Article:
Design for sustainability might not be as new as you think. Long before innovative souls were designing lamps based on the amount of red wine they drank last week there was a race of funny little animals living under Wimbledon Common making things out of the rubbish other people threw away. So these academic buzzwords are simply those clever folks with the degrees taking something essentially practical and assigning all kinds of fancy philosophies to it.
Good news everyone! You don’t HAVE to be a scientist, researcher, or an actual Womble, to take advantage of upcycling, recycling or even cycling (you know it’s good for you, and better for the environment). There are groups out there running workshops (possibly in Shropshire) who will teach you how to re-use items you no longer have a use for, and even pick up your unwanted stuff nationally: Wombling.org seems to have the right idea, and is run by a Mr. Not a PhD.
Sometimes, even the developers of giant skyscraper buildings who are building a palace for the mighty Google get it right: The Skip Garden at Kings Cross is a brilliant example of recycling, and generating community space in the drossscape (those incidental spaces that people forget when urban planning). They actually do grow things in skips, old tyres and tubs, even building waste from the surrounding developments. Then they feed it to you in their café. There’s even a cycle-generator to run the watering system. The design of the garden is such that it can be uprooted at a moment’s notice and relocated, thus responding to the demands of the environment, or local county council.
Returning briefly, if I might, to the idea of education – it’s not a BAD THING that academia is taking an interest in saving the world, one lamp at a time, but education on a national, and global scale is more important. There are only 185,535 academics in the UK but 63.7 million people. That’s a (lazy mathematics) percentage of the population! Wow. What about the children? If we tell them to save the world, then we can just sit back and relax, right?
Nope. When I was at school the first Christmas play I remember from middle school (antiquated Warwickshire system) was about the environment, and how we are destroying the world with oil slicks. The tiny mice in the fields (that was me!) asked advice from some passing swallows. Then we all sang a song about the destruction of meadows. Year 6 did something about our oceans, and Year 7 used Michael Jackson’s Bad to illustrate how dropping litter and killing seals was just not on. Year 5 wasn’t that memorable. Sorry, Year 5.
I’ve digressed. Yes – I was one of those children who was asked, very nicely, to save the world. I didn’t. And last time I checked nobody else had either. All these children turned into consumers, hungry, hungry adults who are desperate for a new mobile phone, an Astra GTC with disc brakes (phwoar!) and all of the stuff. All of the things. Some of my Year 4 class went on to do great things: one is a doctor, one went to jail (erm), one is a bloomin’ brilliant social worker in Nottingham (hi!). We all KNOW we should be helping, but there are so many issues to navigate in modern life that saving the world sometimes is at the bottom of the to-do list.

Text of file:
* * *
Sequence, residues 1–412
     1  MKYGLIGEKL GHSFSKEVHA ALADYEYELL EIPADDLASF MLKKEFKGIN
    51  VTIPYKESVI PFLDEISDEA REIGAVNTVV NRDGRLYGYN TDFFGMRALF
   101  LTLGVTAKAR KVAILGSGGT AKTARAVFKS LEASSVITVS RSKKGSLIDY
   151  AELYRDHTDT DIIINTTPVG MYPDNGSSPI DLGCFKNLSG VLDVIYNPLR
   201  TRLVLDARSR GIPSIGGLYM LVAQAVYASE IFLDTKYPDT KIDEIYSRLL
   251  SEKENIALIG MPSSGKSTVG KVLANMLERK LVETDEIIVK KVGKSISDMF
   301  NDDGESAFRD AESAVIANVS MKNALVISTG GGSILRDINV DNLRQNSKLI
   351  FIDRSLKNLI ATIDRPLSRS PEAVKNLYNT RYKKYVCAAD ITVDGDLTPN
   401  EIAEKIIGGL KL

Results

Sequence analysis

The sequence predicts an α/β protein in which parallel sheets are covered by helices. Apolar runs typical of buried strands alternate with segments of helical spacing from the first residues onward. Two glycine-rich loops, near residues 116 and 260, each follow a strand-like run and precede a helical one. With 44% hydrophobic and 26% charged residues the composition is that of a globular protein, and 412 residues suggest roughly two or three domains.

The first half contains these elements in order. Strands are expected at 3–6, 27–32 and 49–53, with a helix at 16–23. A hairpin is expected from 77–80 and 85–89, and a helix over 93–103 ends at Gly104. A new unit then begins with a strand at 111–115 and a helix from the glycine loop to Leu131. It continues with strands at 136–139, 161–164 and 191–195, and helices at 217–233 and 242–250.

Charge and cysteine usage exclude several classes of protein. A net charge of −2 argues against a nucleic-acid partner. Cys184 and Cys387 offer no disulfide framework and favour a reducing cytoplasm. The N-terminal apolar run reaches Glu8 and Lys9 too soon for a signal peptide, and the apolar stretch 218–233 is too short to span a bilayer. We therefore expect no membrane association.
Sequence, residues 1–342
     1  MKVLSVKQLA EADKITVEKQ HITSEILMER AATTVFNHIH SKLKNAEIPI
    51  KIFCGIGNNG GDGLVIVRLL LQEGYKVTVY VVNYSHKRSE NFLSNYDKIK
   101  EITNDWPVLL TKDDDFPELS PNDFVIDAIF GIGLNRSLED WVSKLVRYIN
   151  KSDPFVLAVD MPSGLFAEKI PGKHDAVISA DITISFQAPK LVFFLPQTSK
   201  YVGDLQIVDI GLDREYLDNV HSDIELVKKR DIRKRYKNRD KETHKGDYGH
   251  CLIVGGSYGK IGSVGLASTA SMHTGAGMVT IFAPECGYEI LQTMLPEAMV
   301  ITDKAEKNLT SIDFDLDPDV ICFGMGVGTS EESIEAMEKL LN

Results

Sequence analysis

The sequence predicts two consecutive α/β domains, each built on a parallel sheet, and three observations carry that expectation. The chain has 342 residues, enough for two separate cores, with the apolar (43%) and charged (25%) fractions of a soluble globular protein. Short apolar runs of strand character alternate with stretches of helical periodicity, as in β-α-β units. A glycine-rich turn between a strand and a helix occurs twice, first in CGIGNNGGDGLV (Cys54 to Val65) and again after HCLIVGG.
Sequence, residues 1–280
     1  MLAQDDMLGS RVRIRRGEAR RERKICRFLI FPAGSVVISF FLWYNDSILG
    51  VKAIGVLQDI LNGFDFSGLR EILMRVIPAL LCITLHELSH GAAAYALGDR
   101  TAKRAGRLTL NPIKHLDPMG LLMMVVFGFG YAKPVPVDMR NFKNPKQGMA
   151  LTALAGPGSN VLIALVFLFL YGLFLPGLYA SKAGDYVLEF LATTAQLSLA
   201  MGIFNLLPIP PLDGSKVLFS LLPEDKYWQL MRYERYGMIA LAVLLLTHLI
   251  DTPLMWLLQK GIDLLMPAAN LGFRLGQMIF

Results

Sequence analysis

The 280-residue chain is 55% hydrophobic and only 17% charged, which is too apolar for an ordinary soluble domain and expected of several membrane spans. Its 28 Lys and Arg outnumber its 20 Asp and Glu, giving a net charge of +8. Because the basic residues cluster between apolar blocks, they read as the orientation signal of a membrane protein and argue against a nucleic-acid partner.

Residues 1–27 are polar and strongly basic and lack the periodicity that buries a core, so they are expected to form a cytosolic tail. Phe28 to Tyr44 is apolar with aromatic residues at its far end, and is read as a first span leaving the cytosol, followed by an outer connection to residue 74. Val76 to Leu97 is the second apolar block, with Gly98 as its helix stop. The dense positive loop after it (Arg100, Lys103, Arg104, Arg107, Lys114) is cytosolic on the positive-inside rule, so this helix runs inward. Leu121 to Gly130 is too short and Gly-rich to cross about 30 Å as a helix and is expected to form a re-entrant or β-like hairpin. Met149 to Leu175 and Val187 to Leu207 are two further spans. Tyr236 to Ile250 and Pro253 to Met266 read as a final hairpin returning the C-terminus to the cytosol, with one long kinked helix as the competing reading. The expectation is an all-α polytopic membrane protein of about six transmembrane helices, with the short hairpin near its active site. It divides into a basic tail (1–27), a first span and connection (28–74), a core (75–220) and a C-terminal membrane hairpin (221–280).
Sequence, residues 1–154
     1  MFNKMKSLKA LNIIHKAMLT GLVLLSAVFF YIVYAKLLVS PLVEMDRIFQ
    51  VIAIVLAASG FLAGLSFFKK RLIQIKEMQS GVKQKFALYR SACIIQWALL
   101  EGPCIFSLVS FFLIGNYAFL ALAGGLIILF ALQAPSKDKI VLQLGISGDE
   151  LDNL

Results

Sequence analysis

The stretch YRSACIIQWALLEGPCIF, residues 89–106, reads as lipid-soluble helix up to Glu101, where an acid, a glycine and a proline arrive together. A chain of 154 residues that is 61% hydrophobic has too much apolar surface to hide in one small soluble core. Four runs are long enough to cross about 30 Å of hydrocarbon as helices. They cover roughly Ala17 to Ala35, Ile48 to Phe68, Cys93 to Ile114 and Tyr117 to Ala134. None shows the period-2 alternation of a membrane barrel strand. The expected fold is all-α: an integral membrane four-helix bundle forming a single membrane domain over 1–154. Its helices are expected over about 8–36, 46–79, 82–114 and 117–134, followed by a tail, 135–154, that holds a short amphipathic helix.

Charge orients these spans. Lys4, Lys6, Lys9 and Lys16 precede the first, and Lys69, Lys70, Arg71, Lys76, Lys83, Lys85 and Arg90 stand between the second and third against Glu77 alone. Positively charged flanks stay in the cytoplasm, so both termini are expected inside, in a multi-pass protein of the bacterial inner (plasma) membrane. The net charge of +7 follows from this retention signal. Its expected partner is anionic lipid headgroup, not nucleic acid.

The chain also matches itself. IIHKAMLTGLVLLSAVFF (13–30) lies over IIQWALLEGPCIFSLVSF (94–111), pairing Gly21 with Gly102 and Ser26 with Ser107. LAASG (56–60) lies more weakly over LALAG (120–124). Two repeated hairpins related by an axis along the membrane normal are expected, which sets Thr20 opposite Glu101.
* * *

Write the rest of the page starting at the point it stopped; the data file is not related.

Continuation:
So perhaps I judge ye olde academics too harshly. They have been instrumental in realizing that the thing which is missing from sustainability might be personal value and investment. That spiritual part that makes us appreciate the world around us, the creativity, the belonging. People are more likely to be socially responsible if it affects them directly, but we’ve built a giant bubble of strawberries-out-of-season and new-things-every-six-months. The bigwigs aren’t helping though – some argue that there is planned obsolescence in our technology, so even if we want to use the same mobile phone for 20 years it will never last, or, it won’t work on the next big thing in SIM cards or networking.
In my nascent view of the world, I see those who design for sustainability as Mad Max-proofing the future. In the frightening dystopia where Tina Turner rules the endless desert of destruction, Dunne & Raby’s design fictions might be of use. Who hasn’t secretly planned a big house in the country surrounded by spiky fences to keep out the hordes of zombies and vigilante survivalists? A couple of years ago, my uncle suggested stockpiling tins as he was pretty sure society would collapse over the coming summer (it didn’t), but the thought was enough to send me running to the laser eye clinic to correct my woeful myopia rather than book a holiday (there won’t be any more Asda Contact Lenses if Tina Turner is Queen).
Having owned and used the same laptop for 7 years, I had to face clients’ panicked faces when they realized their £500 design job was locked into an ancient machine that took 20 minutes to turn on. It finally got too much when I managed 3 cups of tea and a doing a whole bowl full of a washing up before I could open a program, and I felt obliged to purchase a new machine as part of my infiltration of academia. Yes, I’m one of THOSE people, but I’m going to repair my motorcycle cover with a roll of Duck Tape, grow tomatoes in the back yard, and keep using my current mobile until its primary use is as a coaster for my glass full of red wine.